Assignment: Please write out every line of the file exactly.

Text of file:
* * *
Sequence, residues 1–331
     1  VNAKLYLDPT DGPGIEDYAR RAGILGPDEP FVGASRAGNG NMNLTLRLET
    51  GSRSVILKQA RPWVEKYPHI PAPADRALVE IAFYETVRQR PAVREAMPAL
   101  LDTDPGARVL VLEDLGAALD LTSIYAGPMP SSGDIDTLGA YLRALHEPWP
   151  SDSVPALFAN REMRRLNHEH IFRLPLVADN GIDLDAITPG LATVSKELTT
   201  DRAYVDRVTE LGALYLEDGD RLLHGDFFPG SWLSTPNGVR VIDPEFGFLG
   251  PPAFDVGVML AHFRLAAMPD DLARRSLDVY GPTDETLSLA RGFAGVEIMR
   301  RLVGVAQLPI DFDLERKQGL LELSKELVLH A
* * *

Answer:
Sequence, residues 1–331
     1  VNAKLYLDPT DGPGIEDYAR RAGILGPDEP FVGASRAGNG NMNLTLRLET
    51  GSRSVILKQA RPWVEKYPHI PAPADRALVE IAFYETVRQR PAVREAMPAL
   101  LDTDPGARVL VLEDLGAALD LTSIYAGPMP SSGDIDTLGA YLRALHEPWP
   151  SDSVPALFAN REMRRLNHEH IFRLPLVADN GIDLDAITPG LATVSKELTT
   201  DRAYVDRVTE LGALYLEDGD RLLHGDFFPG SWLSTPNGVR VIDPEFGFLG
   251  PPAFDVGVML AHFRLAAMPD DLARRSLDVY GPTDETLSLA RGFAGVEIMR
   301  RLVGVAQLPI DFDLERKQGL LELSKELVLH A